Architecture appeals to countless people, for all kinds of reasons. It’s raw inspiration, a physical manifestation of creative vision and innovation. It can be subtle and understated, grandiose and bold. It can speak volumes about a society, about a time and place, or the people which inhabit it.
The Big Bend
One recently emerging design which has received a lot of media attention is the proposal for the ‘Big Bend’, a towering structure which would become a defining feature of the Manhattan skyline in New York City.
The deceptively simple but strikingly unique concept for this building would make it the longest structure of its kind. The construction would see a narrow, but tall, tower rise up on one side of a historic building, bend over in a full ‘u’ shape, then descend vertically back down, forming a giant horseshoe.
The main concept behind the proposal by architectural firm Oiio, is to draw attention to and highlight the race for height in Manhattan properties.
The 4000 ft structure would be a visual reminder and statement about a city, which currently features buildings which architect Steven Holl described as ‘...inequality in architectural form’. Manhattan zoning laws mean that there is a drive to build ‘up’ in order to boost value.
By bending the structure itself, rather than zoning laws of the city, Oiio aim to remind us of the competitive and financially motivated beast the world of modern architecture can become.
For a taste of the truly elaborate and futuristic, one need look no further than New-York based (and aptly named) Clouds Architecture Office for ‘Analemma Tower’.
This unbelievable proposal features a skyscraper which turns preconceived notions of construction quite literally on their head, as it dangles, vertically, from a cable attached to an orbiting asteroid.
The hyper-expensive design would cater to those with a penchant for the extreme height of much modern architecture, while simultaneously offering seclusion and constant mobility - as the asteroid the tower hangs from traverses the planet in a figure-of-eight movement.
Solar panels attached to the top of the structure - which would be suspended 32,000m above the Earth - would power the gigantic building, as it made it’s titanic journey around the world.
These designs might seem almost comically grandiose, but with NASA set to embark on a mission to capture and relocate an asteroid in just 4 years time, there may be some gravity to this idea. Could the future of design lie in the skies?
For a source of architectural inspiration which is more firmly rooted on Earth, Daniel Libeskind’s upcoming ‘Occitanie Tower’ offers a glimpse into the eco-focussed future of modern design.
Construction on the tower, which will be set alongside the canal in Toulouse, France, is due to begin in 2018, and completed in 2022. We won’t have long to wait before this beautiful design becomes a defining feature of modern construction.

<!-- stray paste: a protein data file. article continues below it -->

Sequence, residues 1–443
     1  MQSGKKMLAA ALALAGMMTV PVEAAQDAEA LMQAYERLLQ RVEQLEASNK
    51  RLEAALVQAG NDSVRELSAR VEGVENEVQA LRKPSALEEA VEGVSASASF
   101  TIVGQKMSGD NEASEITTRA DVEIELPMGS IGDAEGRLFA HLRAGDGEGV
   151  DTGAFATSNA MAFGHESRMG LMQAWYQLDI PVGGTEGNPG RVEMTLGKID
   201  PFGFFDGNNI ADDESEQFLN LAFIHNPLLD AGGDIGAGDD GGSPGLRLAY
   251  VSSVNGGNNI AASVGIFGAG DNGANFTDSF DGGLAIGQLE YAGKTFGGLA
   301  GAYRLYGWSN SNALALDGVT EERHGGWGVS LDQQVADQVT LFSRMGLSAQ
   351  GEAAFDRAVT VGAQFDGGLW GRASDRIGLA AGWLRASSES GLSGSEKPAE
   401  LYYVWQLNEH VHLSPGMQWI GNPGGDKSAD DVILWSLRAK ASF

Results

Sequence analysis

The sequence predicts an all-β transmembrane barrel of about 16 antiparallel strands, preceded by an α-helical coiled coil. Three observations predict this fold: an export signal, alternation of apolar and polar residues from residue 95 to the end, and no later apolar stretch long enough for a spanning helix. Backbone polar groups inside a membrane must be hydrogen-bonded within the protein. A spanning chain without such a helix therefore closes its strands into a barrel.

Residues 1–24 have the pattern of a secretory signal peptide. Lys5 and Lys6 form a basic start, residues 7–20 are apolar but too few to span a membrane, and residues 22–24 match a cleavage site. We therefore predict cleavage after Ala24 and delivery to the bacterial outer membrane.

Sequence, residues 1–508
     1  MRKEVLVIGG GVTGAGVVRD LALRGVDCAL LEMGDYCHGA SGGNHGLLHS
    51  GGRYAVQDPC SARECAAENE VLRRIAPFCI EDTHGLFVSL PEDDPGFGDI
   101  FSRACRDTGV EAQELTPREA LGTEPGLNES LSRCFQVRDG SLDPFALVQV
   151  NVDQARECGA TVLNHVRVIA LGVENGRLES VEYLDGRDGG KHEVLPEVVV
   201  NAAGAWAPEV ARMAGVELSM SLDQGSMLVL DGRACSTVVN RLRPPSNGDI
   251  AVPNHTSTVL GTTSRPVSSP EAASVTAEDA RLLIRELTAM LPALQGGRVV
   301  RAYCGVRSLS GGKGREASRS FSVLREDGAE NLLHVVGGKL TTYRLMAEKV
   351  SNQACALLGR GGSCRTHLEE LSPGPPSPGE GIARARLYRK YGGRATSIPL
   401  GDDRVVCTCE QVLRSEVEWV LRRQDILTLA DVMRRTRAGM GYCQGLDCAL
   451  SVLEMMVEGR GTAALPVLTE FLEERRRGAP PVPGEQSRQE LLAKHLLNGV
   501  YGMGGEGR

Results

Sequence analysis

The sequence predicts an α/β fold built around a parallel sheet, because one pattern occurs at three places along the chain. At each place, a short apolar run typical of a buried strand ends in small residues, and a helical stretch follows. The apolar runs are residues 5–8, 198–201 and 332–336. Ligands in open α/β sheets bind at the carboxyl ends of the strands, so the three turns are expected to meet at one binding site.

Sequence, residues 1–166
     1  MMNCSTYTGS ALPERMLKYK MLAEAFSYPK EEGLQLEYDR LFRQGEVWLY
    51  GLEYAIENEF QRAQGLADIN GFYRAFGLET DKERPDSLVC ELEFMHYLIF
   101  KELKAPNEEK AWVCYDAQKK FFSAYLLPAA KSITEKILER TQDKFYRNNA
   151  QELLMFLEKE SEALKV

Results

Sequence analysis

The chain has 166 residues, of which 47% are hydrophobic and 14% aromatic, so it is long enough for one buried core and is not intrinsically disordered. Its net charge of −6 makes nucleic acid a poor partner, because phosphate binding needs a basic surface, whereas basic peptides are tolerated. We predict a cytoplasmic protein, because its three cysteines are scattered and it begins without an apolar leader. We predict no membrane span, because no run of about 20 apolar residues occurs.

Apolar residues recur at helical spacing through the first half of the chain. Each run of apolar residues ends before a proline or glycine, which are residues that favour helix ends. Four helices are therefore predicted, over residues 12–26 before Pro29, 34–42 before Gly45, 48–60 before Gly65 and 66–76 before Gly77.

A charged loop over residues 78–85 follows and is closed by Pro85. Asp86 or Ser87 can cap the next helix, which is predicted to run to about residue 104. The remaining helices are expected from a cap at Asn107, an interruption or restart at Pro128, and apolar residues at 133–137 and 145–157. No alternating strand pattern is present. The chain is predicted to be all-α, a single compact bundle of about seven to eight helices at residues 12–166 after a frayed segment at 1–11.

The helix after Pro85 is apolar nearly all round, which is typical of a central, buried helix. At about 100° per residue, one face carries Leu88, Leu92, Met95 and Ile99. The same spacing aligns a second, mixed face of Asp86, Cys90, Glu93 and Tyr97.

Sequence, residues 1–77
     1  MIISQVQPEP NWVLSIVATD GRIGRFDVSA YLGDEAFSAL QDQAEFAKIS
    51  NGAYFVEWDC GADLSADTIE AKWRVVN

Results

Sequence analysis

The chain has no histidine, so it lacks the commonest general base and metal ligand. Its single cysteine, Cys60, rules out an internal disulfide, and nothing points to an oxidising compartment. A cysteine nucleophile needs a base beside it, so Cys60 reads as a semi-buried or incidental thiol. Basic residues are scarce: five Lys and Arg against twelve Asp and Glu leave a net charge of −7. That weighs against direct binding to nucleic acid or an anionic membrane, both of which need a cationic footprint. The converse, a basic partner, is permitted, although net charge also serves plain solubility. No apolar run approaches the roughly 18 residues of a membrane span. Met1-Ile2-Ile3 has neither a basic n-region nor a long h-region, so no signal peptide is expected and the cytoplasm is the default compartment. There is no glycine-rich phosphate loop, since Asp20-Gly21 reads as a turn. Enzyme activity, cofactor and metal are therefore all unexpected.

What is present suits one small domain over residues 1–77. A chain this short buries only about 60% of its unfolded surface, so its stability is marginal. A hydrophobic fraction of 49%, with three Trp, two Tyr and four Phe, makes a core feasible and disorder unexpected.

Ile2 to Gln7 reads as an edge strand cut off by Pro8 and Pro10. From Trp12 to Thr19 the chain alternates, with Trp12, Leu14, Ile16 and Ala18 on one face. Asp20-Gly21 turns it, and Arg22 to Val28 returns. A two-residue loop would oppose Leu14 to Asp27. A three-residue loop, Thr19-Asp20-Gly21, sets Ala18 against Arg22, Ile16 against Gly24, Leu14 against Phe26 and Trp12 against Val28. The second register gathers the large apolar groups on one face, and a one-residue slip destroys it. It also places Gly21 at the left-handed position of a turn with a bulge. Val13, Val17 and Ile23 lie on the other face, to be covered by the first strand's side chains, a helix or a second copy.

The stunning blueprints for this skyscraper feature a tall, spiralling glazed corkscrew shape, with picturesque gardens spinning up between the folds in a ribbon of fauna.
As the seasons change, the green spiral of this tower will shift to deep browns and reds, and will take on entirely new qualities as the year goes by. This immeasurably appealing feature, designed in collaboration with Paris-based landscape architect Nicolas Gilsoul will be set into glazing which will reflect the gentle pink hues of Toulouse’s city lights.
Designs like this are a good indicator of how architecture is moving to reflect a world which is more concerned than ever with mankind’s impact on nature. By incorporating elegant yet modern materials alongside trees and other fauna, designs like this serve to remind us of our link with nature, and help us to appreciate just how much we owe to the natural world.
Another design in this vein, and arguably the most beautiful of all those we have listed here, is Australian-based DeciBel’s ‘Hanoi Lotus’.
This multifunctional cultural centre will bring facilities for staples of modern civilisation to Hanoi in Vietnam, including a 2000 seater theatre and performance space, cinema, offices for start-ups and restaurants.
It’s not the functionality of this proposal which makes it so special though, it’s the design. Taking inspiration from the national flower of Vietnam, the delicate lotus, this wondrous construction would serve as a visually captivating blend of glass, metal and creativity.
6 enormous bulb-like structures would combine to form an enormous and artistic representation of the flower. A large central ‘tuber’ construction, surrounded by 5 peripheral smaller tubers will sit on a platform amongst parkland and ponds. Visitors to the capital will be greeted by this striking installation, which will serve as a cornerstone of the developing cultural scene.
Giant glass petals. Elegant use of light and colour. Cultural functionality. It’s hard to fault this utterly magnificent design.